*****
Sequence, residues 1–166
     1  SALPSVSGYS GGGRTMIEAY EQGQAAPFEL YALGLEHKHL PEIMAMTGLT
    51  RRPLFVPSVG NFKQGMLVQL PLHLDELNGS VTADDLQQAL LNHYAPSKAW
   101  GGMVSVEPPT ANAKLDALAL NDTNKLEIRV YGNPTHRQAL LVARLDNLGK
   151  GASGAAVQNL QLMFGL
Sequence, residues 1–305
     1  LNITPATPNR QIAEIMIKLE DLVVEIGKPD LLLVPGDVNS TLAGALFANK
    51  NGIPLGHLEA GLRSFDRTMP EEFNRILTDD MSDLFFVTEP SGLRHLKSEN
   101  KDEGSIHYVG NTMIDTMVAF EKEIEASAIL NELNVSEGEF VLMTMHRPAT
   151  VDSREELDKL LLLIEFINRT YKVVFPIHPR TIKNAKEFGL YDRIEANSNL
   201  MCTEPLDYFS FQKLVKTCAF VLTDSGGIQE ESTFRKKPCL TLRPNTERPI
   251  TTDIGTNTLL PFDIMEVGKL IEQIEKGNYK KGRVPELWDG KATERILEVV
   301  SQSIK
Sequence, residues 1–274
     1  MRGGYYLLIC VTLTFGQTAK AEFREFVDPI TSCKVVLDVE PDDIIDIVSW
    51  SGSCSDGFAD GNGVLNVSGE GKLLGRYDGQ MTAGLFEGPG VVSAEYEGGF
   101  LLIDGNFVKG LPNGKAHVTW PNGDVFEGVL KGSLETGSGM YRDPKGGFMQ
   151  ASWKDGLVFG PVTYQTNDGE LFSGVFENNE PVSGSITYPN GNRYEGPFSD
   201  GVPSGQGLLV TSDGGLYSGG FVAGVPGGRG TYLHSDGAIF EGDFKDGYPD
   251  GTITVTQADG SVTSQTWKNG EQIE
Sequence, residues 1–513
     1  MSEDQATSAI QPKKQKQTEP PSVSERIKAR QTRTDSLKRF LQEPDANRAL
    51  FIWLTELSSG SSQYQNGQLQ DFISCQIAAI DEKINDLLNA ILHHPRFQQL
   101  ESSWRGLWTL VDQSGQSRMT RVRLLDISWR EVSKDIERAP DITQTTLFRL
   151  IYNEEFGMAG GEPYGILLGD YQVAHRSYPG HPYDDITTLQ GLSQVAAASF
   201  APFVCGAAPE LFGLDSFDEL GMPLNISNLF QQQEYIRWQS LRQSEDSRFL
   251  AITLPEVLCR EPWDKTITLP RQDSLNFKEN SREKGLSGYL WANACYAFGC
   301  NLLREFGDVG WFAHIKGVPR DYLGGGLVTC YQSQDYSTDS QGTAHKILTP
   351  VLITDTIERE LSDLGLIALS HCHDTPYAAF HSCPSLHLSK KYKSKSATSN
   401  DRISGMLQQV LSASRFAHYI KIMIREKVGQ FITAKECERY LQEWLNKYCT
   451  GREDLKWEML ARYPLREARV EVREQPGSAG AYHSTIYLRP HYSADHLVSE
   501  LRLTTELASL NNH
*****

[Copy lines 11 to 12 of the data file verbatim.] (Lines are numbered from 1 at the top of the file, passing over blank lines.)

   201  MCTEPLDYFS FQKLVKTCAF VLTDSGGIQE ESTFRKKPCL TLRPNTERPI
   251  TTDIGTNTLL PFDIMEVGKL IEQIEKGNYK KGRVPELWDG KATERILEVV